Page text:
Bikes on Boats
You know how happy kids are when they get their first bicycle? Yeah, well we’re not sure any kid has been as happy to get a bike as Doña de Mallorca has been to get her first folding bike.
The Wanderer and Doña de Mallorca were in San Diego getting work done on Profligate for the better part of a month, and had a car for only two days. Frankly, we’ve once again found it’s nice not to have a car. Cheaper, too.
You still need to get around, of course, and we’ve relied on two methods. First, the San Diego public transit systems, which for our purposes haven’t been bad at all. The #28 bus runs from Shelter Island about every half hour to the Old Town Transit Center, from which you can catch another bus or trolley to just about everywhere you want to go — including Tijuana. Bus fares are $2.25 for each segment, so it makes a lot of sense to buy a monthly pass. It’s only $18 a month for an old fart like the Wanderer, and a little more for younger folks.
(From the Old Town Transit Center, you can also catch the Surfliner train to L.A. and Santa Barbara, which is what the Wanderer does to see his kids. It’s a nicer way to get to L.A. than driving on the 405 freeway.)
Our second way of getting around has been by bike. The Wanderer uses a full-size modified mountain bike, with a fat-ass seat and ape-hanger handle bars. From Shelter Island, it’s a pleasant and easy ride to Downtown and the people-packed Gaslamp District or the 17 museums in beautiful Balboa Park. It’s also a great ride north to Pacific Beach and La Jolla. Some of the sweetest riding is around the Mission Bay bike paths.
On occasion we’ve carried two full-size bikes around on Profligate. It’s a little impractical even on the big cat, and much less practical on smaller boats. People do it, but it’s not always easy.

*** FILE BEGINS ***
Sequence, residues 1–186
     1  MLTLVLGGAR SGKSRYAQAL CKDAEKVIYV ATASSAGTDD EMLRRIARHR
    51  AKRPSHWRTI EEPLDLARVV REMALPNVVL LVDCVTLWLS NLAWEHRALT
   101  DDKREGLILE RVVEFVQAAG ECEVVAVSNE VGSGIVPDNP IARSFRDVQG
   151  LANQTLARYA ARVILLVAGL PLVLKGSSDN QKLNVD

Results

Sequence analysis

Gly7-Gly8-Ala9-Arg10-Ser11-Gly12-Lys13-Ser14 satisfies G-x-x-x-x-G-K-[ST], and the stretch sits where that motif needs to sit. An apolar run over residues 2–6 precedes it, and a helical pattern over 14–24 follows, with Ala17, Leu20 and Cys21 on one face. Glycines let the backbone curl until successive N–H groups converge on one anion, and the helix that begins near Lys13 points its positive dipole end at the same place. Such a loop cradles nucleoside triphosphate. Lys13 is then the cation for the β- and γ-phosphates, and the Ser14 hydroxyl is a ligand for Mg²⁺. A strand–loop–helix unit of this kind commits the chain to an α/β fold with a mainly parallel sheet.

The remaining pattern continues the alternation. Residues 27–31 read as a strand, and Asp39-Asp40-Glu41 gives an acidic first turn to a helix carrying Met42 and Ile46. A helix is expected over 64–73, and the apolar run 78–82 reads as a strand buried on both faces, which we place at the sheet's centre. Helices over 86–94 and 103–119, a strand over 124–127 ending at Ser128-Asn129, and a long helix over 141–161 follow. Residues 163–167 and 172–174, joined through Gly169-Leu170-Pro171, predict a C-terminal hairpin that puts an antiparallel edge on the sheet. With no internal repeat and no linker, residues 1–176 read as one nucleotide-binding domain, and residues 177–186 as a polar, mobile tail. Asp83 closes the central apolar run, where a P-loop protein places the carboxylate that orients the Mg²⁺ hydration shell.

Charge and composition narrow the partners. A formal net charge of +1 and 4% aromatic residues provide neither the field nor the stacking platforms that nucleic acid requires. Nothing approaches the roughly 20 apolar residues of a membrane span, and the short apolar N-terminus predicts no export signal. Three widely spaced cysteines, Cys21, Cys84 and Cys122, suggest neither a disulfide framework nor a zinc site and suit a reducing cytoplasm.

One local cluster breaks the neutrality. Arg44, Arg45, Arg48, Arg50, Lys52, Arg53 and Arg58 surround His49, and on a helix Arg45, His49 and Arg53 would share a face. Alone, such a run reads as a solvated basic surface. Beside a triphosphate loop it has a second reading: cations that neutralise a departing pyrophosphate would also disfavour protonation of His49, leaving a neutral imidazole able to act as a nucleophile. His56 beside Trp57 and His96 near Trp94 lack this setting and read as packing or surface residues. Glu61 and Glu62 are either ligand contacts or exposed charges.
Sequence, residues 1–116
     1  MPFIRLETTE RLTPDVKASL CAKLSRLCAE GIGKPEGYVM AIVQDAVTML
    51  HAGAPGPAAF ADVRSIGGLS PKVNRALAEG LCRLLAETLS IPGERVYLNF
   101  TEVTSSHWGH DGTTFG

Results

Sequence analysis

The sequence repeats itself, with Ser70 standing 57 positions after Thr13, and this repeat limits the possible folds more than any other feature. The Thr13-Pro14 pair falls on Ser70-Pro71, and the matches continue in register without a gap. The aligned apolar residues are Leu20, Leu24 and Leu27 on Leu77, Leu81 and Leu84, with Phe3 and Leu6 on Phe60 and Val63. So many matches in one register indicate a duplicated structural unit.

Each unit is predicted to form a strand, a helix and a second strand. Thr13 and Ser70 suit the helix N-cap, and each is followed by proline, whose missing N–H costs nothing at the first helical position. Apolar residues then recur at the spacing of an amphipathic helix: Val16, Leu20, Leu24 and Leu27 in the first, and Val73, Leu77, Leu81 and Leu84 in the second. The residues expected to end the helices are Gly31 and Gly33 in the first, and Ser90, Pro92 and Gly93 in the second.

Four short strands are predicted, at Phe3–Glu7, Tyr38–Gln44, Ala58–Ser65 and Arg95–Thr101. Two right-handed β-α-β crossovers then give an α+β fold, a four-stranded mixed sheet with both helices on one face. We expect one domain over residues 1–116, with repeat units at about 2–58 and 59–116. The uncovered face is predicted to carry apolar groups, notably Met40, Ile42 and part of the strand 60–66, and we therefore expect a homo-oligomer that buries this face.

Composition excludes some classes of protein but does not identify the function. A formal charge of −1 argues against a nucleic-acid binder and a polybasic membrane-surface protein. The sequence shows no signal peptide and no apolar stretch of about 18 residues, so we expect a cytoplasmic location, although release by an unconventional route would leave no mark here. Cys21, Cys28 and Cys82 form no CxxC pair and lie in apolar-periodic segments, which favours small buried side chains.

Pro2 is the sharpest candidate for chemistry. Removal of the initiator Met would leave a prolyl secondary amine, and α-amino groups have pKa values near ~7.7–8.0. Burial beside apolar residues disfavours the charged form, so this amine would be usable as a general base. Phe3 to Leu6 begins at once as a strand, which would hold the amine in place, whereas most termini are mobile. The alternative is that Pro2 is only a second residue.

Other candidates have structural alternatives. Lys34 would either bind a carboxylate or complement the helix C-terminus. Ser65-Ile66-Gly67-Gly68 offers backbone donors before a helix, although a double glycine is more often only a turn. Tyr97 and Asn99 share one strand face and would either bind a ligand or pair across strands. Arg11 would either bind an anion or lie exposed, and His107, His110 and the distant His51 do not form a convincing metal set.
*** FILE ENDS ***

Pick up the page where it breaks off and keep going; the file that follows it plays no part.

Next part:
In an effort to be more practical, the Wanderer surprised de Mallorca with a Punch Sailor 3 folding bike from West Marine. It cost about $600, which isn’t cheap, but it’s not only practical, it’s a freedom machine. De Mallorca is a Monster of Thrift, so it took us two days to convince her not to return the Punch for the less-expensive model. "Think long term and quality," said the Wanderer.
De Mallora finally accepted it, and reports that she spent three hours yesterday having a great time riding it. "I loooooooove my little Punch," she said.
We’d like to hear your ‘bikes on boats’ experiences. What kind of bike do you have? Are you happy with it? In addition, if you’ve taken your bike cruising to foreign countries, tell us how well that has worked out. Remember to include a photo.
Mexico-Only Crew List Party
Destination: Channel Islands Harbor
The Great Migration has begun. We’re not talking about whales, but rather the annual migration of northern sailors heading south, seeking warmer climes. Without local knowledge, though, it can be hard to know the best places to stop along the way. Cruisers’ needs are usually much different from the average boater’s, and finding details on any given harbor can be a lesson in frustration. One spot to mark on your Southern California charts as ‘cruiser friendly’ is Channel Islands Harbor in Oxnard. Not only are many services and stores easily accessible, but the several marinas housed within the harbor offer plenty of options for moorage.